HOME |  CULT MOVIES | COMPETITIONS | ADVERTISE |  CONTACT US |  ABOUT US
 
 
 
Newest Reviews
Batman: The Long Halloween Part Two
Psychic, The
Brief Encounter
Boys from County Hell
All Hands On Deck
Teddy
Beasts Clawing at Straws
Summer of Soul (...Or, When the Revolution Could Not Be Televised)
Windom's Way
True Don Quixote, The
Babymother
Mitchells vs. the Machines, The
Dora and the Lost City of Gold
Unholy, The
How to Deter a Robber
Antebellum
Offering, The
Enola Holmes
Big Calamity, The
Man Under Table
Freedom Fields
Settlers
Boy Behind the Door, The
Swords of the Space Ark
I Still See You
Most Beautiful Boy in the World, The
Luz: The Flower of Evil
Human Voice, The
Guns Akimbo
Being a Human Person
Giants and Toys
Millionaires Express
Bringing Up Baby
World to Come, The
Air Conditioner
Fear and Loathing in Aspen
Kandisha
Riders of Justice
Happiest Day in the Life of Olli Maki, The
For Those Who Think Young
   
 
Newest Articles
Truth Kills: Blow Out on Blu-ray
A Monument to All the Bullshit in the World: 1970s Disaster Movies
Take Care with Peanuts: Interview with Melissa Menta (SVP of Marketing)
Silent is Golden: Futtocks End... and Other Short Stories on Blu-ray
Winner on Losers: West 11 on Blu-ray
Freewheelin' - Bob Dylan: Odds and Ends on Digital
Never Sleep: The Night of the Hunter on Blu-ray
Sherlock vs Ripper: Murder by Decree on Blu-ray
That Ol' Black Magic: Encounter of the Spooky Kind on Blu-ray
She's Evil! She's Brilliant! Basic Instinct on Blu-ray
Hong Kong Dreamin': World of Wong Kar Wai on Blu-ray
Buckle Your Swash: The Devil-Ship Pirates on Blu-ray
Way of the Exploding Fist: One Armed Boxer on Blu-ray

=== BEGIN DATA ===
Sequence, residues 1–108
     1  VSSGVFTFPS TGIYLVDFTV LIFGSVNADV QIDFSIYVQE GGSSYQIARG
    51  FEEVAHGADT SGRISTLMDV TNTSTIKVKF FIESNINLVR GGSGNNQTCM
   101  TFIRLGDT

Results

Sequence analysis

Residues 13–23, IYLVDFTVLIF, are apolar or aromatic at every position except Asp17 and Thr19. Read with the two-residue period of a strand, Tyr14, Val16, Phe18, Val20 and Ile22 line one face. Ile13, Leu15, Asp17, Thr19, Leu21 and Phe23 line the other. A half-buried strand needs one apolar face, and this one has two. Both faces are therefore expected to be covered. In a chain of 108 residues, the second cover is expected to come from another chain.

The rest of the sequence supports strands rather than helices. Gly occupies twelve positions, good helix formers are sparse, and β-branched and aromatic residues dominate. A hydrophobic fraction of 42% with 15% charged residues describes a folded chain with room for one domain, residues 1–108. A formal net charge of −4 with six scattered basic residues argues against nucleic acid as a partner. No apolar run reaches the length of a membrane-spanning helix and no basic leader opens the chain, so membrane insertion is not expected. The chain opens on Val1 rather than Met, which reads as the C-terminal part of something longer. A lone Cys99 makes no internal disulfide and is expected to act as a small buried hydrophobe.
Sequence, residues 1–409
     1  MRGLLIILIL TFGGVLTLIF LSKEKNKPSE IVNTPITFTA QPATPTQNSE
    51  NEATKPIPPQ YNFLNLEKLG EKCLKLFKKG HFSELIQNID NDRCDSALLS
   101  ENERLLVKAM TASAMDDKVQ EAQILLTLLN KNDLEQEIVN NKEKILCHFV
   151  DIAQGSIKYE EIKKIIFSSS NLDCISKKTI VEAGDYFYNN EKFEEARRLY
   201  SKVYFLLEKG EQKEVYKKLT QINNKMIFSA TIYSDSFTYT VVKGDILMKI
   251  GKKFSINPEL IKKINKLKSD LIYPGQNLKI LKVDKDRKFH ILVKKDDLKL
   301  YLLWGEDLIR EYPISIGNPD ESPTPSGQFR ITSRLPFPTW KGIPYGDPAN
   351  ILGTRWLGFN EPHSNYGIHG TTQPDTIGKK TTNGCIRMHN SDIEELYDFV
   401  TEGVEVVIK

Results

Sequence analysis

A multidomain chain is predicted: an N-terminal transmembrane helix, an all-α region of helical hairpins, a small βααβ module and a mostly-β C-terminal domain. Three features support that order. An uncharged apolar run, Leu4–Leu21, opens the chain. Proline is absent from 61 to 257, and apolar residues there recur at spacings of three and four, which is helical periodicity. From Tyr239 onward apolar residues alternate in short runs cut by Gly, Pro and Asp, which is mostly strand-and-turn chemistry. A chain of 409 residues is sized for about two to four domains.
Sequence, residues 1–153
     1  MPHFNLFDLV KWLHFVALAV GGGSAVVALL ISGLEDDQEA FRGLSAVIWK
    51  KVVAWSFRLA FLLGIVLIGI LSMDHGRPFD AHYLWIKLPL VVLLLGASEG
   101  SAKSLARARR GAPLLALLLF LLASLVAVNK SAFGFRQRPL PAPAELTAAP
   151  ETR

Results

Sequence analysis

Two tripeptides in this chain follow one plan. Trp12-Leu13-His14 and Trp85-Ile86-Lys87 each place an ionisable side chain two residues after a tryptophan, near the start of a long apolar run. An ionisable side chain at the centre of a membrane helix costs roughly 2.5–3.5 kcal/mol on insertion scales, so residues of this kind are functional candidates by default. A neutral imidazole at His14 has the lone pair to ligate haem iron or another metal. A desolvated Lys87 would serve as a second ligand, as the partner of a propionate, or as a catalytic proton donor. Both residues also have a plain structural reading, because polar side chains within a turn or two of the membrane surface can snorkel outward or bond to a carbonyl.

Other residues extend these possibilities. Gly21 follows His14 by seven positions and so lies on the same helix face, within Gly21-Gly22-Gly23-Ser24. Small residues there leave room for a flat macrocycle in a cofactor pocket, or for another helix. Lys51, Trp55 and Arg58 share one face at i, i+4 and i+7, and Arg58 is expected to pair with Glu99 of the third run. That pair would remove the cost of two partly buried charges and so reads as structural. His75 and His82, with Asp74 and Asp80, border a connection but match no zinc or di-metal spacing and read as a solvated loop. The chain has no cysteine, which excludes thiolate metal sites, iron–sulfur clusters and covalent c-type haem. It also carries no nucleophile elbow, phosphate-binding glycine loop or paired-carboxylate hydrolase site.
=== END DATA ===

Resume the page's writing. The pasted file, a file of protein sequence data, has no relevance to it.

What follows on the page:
A Lot of Growing Up to Do: Fast Times at Ridgemont High on Blu-ray
Oh My Godard: Masculin Feminin on Blu-ray
Let Us Play: Play for Today Volume 2 on Blu-ray
Before The Matrix, There was Johnny Mnemonic: on Digital
More Than Mad Science: Karloff at Columbia on Blu-ray
Indian Summer: The Darjeeling Limited on Blu-ray
3 from 1950s Hollyweird: Dr. T, Mankind and Plan 9
Meiko Kaji's Girl Gangs: Stray Cat Rock on Arrow
Having a Wild Weekend: Catch Us If You Can on Blu-ray
The Drifters: Star Lucie Bourdeu Interview
Meiko Kaji Behind Bars: Female Prisoner Scorpion on Arrow
The Horror of the Soviets: Viy on Blu-ray
   
 
  Deliverance This Is The Weekend They Didn't Play Golf
Year: 1972
Director: John Boorman
Stars: Jon Voight, Burt Reynolds, Ned Beatty, Ronny Cox, Ed Ramey, Billy Redden, Seamon Glass, Randall Deal, Bill McKinney, Herbert 'Cowboy' Coward, Lewis Crone, Ken Keener, Johnny Popwell, John Fowler, Kathy Rickman, Louise Coldren, James Dickey
Genre: Thriller, AdventureBuy from Amazon
Rating:  7 (from 1 vote)
Review: Normally these four friends would be playing golf during their usual get togethers, but this weekend things are different. The most macho of them, Lewis (Burt Reynolds) wanted to ride the rapids of this river far from their Atlanta home, mainly because he wished to experience it before the valley was flooded for a new dam project and the landscape was lost forever beneath the water. But when they get there, Ed (Jon Voight) is having reservations at the distinct lack of a friendly welcome they get from what few locals they meet - he doesn't know the half of it...

Deliverance was one of those movies with such a shocking scene that it passed into legend, simultaneously making a joke of the idea of straying from the path in isolated areas and tapping into a very real fear that many had that should they take that camping trip in the middle of nowhere, civilisation would turn its back and allow all sorts of heinous crimes to be perpetrated. James Dickey was the man who thought this up, and if it shared a similar unease with simple country folk as Straw Dogs, this effort went deeper than the Sam Peckinpah movie to become part of modern parlance.